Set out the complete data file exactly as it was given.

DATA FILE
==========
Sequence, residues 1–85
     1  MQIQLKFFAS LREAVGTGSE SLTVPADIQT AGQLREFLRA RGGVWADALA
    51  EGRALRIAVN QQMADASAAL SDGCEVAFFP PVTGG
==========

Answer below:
Sequence, residues 1–85
     1  MQIQLKFFAS LREAVGTGSE SLTVPADIQT AGQLREFLRA RGGVWADALA
    51  EGRALRIAVN QQMADASAAL SDGCEVAFFP PVTGG